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Dr. Dre Drops "Detox" News at the Red Sox Opening Day Game

April 5, 2010 10:02 AM ET

Baseball season began with some potentially major music news yesterday: Dr. Dre's oft-delayed Detox may finally be on the way. That tidbit comes courtesy of last night's Red Sox vs. Yankees game at Boston's Fenway Park, where Dre and record exec Jimmy Iovine were promoting a Red Sox edition of the Beats By Dre headphones. Last week, an image of Dr. Dre and Jay-Z together in the recording studio emerged, and in the pregame interview above, Iovine reveals that the rap legends' new song will be called "Under Pressure."

The track is expected to be the first single off Dre's long-delayed Detox, which was last scheduled for the winter of 2008 before dropping off the release schedule altogether. No release date has been set for "Under Pressure" yet, but the buzz on the Internet is that it should be arriving soon (Iovine says in the interview that Dre had the song "in his pocket," so we're assuming it's finished). As Rolling Stone reported last week, Eminem wrote on his Twitter that "big news" was on the way; Perhaps he was talking about Detox and not his own Relapse 2.

Last night's Red Sox vs. Yankees game — the first of the 2010 baseball season — had its share of notable musical moments. It's become Fenway tradition in recent years to play Neil Diamond's "Sweet Caroline" during the middle of the 8th inning. Last night, Diamond himself made a surprise appearance to lead the crowd in the sing-along himself. Also, Aerosmith's Steven Tyler, perhaps Boston's most famous rocker, performed the traditional "God Bless America" during the 7th Inning Stretch. Watch both performances below and check out photos from two of last season's biggest rock shows at Fenway — Dave Matthews Band with Willie Nelson and Phish.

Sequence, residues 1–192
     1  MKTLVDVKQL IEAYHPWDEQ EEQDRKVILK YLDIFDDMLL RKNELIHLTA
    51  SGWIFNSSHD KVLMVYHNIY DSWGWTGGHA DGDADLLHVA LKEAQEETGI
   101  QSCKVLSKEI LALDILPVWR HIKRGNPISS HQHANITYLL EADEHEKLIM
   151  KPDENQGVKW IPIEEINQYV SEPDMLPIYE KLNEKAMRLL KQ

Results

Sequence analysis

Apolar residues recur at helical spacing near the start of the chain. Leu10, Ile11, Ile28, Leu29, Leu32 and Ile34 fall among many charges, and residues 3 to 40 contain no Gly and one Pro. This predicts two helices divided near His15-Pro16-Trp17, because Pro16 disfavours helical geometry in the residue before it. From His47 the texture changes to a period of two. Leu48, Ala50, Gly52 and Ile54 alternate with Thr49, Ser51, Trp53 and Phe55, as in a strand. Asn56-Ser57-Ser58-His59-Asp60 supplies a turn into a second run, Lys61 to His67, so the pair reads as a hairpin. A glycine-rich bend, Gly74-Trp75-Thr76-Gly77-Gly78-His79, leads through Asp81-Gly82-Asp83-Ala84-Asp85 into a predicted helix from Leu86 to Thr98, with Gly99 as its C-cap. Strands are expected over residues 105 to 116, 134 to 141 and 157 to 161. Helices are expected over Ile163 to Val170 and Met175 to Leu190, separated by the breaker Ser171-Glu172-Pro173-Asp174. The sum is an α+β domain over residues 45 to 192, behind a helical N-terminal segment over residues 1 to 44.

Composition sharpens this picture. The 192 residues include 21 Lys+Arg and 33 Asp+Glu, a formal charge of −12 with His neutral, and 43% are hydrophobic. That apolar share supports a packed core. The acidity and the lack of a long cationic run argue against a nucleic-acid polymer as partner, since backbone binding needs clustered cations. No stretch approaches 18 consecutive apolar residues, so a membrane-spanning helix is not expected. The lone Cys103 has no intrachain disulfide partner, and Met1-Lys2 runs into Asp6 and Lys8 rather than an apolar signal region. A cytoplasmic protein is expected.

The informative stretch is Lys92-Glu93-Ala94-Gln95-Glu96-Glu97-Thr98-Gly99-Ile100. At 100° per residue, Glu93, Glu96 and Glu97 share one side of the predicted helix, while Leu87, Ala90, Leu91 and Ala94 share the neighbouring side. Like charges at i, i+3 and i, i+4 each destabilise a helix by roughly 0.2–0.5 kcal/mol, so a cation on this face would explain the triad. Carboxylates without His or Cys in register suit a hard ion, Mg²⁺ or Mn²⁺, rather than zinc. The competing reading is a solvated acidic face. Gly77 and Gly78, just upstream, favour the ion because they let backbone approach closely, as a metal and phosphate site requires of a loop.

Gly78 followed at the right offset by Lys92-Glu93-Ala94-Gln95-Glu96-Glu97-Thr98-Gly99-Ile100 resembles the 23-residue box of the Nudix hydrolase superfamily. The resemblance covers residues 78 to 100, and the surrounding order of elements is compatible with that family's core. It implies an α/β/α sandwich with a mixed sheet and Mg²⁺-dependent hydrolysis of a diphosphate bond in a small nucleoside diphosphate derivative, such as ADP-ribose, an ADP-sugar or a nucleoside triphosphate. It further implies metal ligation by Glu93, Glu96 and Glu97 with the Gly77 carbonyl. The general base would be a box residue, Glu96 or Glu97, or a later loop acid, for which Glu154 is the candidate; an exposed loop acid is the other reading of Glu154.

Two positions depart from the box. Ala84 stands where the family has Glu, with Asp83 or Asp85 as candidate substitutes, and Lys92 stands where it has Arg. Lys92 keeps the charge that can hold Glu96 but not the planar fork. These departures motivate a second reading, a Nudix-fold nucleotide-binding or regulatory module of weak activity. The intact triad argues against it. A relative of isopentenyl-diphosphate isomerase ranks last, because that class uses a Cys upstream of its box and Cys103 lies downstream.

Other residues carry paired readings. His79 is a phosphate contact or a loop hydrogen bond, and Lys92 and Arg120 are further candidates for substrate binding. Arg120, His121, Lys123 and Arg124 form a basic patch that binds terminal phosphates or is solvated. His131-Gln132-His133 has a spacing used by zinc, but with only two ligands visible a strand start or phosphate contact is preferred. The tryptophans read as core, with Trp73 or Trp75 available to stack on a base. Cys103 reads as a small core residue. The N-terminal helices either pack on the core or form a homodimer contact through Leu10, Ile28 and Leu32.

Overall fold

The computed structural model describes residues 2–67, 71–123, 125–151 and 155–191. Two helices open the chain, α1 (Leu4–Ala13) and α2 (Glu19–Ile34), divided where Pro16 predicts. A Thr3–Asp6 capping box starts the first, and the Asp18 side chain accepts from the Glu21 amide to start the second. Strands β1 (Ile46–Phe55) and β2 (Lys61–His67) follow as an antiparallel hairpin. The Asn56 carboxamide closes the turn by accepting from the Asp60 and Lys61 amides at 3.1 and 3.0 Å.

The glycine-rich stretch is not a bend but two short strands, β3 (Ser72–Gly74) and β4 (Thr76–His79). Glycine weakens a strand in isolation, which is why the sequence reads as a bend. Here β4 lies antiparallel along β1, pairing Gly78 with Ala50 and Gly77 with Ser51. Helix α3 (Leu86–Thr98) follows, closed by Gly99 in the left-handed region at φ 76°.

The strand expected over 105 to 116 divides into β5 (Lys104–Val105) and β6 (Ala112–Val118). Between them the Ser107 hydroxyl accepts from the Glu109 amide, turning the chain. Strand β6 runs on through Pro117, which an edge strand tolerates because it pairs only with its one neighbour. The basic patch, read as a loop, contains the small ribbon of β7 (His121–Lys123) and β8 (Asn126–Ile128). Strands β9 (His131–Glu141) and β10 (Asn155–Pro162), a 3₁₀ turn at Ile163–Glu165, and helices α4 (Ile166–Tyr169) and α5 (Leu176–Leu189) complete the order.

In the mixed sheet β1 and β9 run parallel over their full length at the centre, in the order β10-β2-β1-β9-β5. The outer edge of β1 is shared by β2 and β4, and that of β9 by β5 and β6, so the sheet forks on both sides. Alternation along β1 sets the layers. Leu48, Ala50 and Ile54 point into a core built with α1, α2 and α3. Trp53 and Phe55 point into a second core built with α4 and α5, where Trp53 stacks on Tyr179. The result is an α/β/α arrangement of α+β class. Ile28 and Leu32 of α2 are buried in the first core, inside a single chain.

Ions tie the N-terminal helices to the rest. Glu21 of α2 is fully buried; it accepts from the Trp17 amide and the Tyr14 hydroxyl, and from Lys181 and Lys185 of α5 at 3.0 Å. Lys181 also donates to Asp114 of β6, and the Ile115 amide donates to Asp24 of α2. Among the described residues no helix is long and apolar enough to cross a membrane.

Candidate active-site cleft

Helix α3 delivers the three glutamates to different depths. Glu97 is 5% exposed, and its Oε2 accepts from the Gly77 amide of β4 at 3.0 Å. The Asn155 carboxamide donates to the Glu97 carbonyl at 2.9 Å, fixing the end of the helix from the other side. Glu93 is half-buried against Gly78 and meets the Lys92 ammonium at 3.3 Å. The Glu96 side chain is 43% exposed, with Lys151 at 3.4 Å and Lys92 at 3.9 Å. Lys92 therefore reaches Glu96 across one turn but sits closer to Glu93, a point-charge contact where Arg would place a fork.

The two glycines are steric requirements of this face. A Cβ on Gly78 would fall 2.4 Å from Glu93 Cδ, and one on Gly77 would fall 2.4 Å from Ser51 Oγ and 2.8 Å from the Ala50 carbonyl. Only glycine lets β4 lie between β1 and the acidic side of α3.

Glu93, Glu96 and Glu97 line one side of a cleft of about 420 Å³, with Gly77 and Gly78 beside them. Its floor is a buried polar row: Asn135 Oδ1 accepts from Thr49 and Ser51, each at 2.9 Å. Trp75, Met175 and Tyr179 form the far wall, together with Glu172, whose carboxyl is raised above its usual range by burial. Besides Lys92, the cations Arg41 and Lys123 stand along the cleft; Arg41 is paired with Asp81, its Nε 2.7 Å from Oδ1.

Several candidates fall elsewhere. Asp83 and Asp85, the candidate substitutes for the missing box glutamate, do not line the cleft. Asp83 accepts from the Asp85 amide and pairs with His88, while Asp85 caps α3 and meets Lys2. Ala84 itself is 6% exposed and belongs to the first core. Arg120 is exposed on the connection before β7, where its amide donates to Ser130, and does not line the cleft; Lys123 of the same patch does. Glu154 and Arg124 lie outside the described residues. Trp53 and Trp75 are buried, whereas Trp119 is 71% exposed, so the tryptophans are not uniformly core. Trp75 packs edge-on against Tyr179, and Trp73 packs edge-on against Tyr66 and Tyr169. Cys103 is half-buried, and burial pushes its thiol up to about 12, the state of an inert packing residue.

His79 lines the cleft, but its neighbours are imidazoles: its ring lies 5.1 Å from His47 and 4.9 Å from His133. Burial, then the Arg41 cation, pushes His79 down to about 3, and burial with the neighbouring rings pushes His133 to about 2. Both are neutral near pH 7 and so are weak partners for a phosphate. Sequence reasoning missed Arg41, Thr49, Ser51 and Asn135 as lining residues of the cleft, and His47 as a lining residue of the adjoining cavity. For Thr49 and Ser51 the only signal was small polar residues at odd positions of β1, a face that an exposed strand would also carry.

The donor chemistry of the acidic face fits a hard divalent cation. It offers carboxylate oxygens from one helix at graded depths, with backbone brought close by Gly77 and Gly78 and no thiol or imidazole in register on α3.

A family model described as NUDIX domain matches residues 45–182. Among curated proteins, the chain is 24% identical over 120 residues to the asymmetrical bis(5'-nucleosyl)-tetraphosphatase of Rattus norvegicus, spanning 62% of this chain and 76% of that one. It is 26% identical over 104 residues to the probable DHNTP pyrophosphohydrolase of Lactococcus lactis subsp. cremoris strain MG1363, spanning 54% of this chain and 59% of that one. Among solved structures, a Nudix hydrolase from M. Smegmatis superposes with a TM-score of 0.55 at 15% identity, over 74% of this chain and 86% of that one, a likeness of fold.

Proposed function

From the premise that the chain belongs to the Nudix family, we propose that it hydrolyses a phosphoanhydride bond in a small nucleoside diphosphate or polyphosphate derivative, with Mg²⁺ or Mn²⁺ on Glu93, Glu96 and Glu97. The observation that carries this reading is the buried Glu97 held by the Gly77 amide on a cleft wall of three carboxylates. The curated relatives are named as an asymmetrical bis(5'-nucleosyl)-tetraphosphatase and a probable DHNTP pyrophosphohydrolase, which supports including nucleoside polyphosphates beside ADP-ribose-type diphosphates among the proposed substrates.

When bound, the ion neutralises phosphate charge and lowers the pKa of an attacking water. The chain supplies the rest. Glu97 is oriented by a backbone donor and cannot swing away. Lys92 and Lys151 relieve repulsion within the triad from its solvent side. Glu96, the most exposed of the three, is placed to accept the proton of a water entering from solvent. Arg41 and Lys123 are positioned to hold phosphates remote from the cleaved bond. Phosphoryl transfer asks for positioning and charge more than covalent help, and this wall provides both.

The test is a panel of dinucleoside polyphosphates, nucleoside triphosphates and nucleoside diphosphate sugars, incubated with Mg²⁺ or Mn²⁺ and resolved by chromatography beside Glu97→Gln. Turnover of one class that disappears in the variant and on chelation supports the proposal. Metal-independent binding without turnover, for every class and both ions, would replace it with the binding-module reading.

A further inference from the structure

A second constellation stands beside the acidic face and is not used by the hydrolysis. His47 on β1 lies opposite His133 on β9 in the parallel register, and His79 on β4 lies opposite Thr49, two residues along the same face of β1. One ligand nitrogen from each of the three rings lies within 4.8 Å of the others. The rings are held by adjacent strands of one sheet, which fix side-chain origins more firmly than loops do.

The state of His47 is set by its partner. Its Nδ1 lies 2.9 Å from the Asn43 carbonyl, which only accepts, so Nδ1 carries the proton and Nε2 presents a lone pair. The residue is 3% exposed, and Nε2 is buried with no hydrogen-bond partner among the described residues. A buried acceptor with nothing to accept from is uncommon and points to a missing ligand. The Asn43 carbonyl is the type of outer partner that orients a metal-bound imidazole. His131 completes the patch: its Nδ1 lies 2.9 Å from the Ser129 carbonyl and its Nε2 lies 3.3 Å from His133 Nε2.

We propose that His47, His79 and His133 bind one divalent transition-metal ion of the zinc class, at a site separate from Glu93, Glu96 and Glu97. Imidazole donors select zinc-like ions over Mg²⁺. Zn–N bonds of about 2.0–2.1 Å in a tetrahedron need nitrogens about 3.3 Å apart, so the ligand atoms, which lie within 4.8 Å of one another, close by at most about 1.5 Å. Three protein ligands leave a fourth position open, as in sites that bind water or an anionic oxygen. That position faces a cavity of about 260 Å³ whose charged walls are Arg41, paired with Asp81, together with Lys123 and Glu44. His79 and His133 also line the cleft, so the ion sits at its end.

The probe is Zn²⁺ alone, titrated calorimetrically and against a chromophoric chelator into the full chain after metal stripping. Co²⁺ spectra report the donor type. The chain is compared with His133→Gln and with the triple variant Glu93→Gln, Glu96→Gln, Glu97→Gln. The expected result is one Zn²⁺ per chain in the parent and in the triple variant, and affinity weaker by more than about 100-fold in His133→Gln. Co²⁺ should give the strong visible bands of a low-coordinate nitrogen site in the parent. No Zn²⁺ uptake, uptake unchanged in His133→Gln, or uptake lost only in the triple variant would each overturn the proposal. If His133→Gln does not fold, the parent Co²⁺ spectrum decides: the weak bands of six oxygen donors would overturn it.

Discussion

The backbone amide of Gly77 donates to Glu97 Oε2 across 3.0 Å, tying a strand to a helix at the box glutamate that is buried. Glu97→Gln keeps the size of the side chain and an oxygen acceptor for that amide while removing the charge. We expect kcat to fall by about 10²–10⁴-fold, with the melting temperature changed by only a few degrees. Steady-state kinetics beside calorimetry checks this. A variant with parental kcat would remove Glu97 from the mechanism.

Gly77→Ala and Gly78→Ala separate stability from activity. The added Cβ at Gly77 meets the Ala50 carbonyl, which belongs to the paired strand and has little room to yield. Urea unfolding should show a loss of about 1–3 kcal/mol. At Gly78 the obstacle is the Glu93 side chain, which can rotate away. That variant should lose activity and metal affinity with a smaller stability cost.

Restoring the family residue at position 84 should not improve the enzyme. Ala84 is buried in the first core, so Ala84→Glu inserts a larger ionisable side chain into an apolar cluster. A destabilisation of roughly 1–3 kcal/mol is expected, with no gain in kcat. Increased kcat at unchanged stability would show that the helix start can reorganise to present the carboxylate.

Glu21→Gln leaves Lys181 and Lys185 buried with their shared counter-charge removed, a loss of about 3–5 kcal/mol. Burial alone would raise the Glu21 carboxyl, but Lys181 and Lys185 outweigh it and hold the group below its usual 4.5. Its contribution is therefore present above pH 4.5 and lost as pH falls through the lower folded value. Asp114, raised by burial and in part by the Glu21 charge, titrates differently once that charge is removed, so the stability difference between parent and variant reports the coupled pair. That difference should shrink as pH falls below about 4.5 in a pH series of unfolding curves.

Related Stories:

Eminem Hints at "Big News": Is "Relapse 2 " Finally On the Way?
Can Dr. Dre and Jimmy Iovine Rescue Sound? How Interscope Is Rethinking the Record Business
Dr. Dre Teases Long-Awaited "Detox" With Dr. Pepper Ad

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Song Stories

“Whoomp! (There It Is)”

Tag Team | 1993

Cecil Glenn — a.k.a., "D.C." — was a cook at Magic City, a nude dance club in Atlanta, when he first heard women shout "Whoomp — there it is!" Inspired by the party chant, he and partner Steve "Roll'n" Gibson wrote a song around it. Undaunted by label rejections, they borrowed $2,500 from Glenn's parents and pressed 800 singles, which quickly sold out in the Atlanta area. A record deal came soon after. Glenn said the song was meant for positive partying. "If you're going to say 'Whoomp there it is,' and you're doing something negative, we'd rather it not have come out of your mouth."

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